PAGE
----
Cervantes was born in Alcala de Henares, a town 20 miles from Madrid, on September 29, 1547. He was named Miguel for Saint Michael, whose patron day is September 29. Being the son of a barber-surgeon, he traveled around a lot, moving wherever his father's services were needed. His family was large; he was only the fourth son out of what was to become seven children in total. Not much is known about his educational background. It is supposed that he studied under the Jesuits as a child and in his late teens and very early twenties, under the tutelage of the principal of a municipal school in Madrid named Juan Lopez de Hoyos. Unlike most writers of his time, he apparently did not go to university.
In 1570, he left Spain for Italy, a move usually done by the Spaniards of his time to further their careers. Once there he joined the Spanish infantry in Naples. Around this time, the relations between the Ottoman Empire and the countries in the Mediterranean were very much strained. This was due to the fact that the Ottoman Empire was quickly expanding its power over these countries. In 1571, a Turkish fleet invaded Cyprus, an island country near Greece. This move made the confrontation between the Turks and the Spanish infantries located in nearby Italy inevitable. Cervantes valiantly fought in the Gulf of Lepanto, an area near Greece. He was badly wounded in his left hand and thus earned the nickname "Manco de Lepanto" (Maimed of Lepanto). After that, he continued fighting in the Mediterranean.
Something incredible happened when he tried to come back home to Spain in 1575. His ship was captured by pirates and he was taken as a slave to Algiers, a country in northern Africa. It is believed that his life as a slave from 1575 to 1580 became the source of inspiration for some episodes in Don Quixote. In 1580, his family, with the help of the friars of a Trinitarian monastery, was finally able to raise the ransom money necessary to free him.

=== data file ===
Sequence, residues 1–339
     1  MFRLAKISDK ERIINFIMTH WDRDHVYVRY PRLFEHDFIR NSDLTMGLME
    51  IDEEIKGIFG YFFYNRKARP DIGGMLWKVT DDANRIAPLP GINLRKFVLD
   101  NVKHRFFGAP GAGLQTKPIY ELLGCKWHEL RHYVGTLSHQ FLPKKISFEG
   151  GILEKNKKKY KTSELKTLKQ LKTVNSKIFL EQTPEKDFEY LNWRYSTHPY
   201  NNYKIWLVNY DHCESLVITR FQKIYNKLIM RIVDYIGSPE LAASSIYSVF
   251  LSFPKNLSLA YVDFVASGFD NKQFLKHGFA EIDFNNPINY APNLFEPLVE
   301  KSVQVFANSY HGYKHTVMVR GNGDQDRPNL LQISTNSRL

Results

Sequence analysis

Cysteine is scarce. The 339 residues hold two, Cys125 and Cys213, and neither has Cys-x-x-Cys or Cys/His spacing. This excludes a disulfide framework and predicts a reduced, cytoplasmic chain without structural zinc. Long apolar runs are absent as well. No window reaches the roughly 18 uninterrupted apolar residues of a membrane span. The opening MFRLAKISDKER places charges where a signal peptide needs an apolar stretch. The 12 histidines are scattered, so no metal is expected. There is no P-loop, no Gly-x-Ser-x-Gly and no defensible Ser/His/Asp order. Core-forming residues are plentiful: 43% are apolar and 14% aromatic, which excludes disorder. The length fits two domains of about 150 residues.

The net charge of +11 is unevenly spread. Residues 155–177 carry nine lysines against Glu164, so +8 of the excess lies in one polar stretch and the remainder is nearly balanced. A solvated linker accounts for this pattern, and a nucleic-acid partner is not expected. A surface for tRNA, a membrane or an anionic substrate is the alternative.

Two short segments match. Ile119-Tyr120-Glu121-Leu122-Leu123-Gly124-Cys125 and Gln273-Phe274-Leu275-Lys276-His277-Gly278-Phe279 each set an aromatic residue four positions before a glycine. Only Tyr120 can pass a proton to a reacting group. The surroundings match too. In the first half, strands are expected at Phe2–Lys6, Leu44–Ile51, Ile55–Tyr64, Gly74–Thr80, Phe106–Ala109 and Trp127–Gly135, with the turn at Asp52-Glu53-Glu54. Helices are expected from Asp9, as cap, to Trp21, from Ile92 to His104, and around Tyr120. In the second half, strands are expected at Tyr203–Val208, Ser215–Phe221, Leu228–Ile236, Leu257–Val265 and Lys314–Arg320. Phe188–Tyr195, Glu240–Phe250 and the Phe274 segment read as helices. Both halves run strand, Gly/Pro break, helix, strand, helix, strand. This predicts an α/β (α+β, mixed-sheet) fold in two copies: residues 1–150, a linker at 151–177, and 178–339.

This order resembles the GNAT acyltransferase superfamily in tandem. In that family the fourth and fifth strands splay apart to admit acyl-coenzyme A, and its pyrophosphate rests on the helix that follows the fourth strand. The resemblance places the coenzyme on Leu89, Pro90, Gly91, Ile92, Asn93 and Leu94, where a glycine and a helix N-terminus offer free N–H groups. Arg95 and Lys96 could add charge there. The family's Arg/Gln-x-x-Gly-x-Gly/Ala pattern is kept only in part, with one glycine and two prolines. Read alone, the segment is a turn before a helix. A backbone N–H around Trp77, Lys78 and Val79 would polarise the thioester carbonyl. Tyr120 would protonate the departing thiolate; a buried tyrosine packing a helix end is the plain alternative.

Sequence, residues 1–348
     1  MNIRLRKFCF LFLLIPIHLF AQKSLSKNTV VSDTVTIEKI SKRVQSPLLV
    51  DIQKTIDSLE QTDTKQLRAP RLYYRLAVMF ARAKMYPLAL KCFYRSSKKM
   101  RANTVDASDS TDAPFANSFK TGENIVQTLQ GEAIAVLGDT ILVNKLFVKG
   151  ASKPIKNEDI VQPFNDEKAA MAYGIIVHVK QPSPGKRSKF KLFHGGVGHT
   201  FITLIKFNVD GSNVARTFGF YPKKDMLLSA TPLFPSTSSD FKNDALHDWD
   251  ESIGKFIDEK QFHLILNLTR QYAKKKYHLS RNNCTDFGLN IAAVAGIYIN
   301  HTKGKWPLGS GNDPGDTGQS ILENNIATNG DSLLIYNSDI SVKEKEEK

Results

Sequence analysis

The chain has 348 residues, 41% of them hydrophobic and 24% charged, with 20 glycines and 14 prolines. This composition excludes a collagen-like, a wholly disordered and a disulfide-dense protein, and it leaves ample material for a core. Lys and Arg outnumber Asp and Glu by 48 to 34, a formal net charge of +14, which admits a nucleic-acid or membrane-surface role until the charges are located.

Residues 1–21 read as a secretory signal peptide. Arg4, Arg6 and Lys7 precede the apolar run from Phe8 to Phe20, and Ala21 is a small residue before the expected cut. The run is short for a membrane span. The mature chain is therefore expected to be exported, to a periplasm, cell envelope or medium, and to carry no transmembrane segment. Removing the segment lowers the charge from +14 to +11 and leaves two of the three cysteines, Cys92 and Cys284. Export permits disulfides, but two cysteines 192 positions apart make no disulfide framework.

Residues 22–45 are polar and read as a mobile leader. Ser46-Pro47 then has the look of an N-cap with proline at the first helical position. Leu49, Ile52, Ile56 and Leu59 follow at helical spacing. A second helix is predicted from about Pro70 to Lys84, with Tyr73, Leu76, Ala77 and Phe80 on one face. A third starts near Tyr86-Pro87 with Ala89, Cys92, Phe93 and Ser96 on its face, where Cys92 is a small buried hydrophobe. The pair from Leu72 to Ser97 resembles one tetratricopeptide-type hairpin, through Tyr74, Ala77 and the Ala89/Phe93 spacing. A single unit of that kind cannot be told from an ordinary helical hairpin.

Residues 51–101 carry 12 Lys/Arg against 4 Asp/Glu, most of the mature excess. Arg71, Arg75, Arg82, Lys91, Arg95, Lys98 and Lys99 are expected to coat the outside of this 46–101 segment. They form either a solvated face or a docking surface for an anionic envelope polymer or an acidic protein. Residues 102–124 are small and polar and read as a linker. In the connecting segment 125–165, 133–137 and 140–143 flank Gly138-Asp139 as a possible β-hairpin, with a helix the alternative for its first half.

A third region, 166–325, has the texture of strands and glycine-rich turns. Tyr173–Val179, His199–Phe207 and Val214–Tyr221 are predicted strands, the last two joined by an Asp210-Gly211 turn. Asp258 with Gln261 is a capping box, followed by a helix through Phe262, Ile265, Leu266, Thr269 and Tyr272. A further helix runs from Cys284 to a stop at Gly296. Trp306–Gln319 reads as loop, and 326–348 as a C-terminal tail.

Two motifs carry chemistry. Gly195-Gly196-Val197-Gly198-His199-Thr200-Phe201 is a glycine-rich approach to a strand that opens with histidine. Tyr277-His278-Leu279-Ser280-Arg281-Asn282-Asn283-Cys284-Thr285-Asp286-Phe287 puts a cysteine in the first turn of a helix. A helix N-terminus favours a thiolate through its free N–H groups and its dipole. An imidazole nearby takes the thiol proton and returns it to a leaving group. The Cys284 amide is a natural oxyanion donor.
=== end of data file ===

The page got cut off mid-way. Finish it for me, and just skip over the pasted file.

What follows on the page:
Spain had changed drastically during Cervantes's absence. Prices had increased dramatically and the standard of living for people like his middle-class family had fallen. As a sad consequence, Cervantes would spend the rest of his life employment-hopping and being continually short of money. But it was his return to Spain which began his career as a major literary figure. In 1585, he published his first long work, La Galatea, a prose pastoral romance. Its publication brought him success with the reading public. After this pastoral romance, Cervantes decided to try his luck as a dramatist. His plays were average in comparison to the Don Quixote which he was to write in 1604.
When the First Part of Don Quixote came out in 1605, it was an immediate success. It was such a success that it was translated into English, French, and Italian within the next twenty years. In 1615, a year before his death, the Second Part came out and was just as successful. It is believed that the Second Part is richer and more profound than the First.
Unfortunately, all of this success resulted in no profit for Cervantes, who had sold the publishing rights of his work. The other major works that he published were 12 Novelas Ejemplares (12 Exemplay Novels, 1613) and Ocho Comedias y Ocho Entremeses (Eight Comedies and Eight Interludes, 1615). In the latter, Cervantes poignantly bids goodbye to the world in the prologue; he obviously foresaw his imminent death.
The influence of Don Quixote on later literature was astounding. The work, which is in essence a parody of the time's popular chivalric romances, had been written in a realistic style. Cervantes' use of irony came to be admired and Don Quixote came to be seen at times as a comic hero and at others as a tragic hero driven by impossible dreams. It is believed that the influence of this work can be seen in such writers as Sir Walter Scott, Charles Dickens, Benito Perez Galdos and in painters like William Hogarth and Pablo Picasso.
"Cervantes." The New Encyclopedia Britannica: Macropedia. Vol. 15. Chicago: U of Chicago P, 1990.
Sieber, Harry. "Cervantes." The World Book Encyclopedia. Vol. 3. Chicago: World Book, Inc., 1993.
Spencer, William. "Ottoman Empire." The World Book Encyclopedia. Vol. 14. Chicago: World Book, Inc., 1993.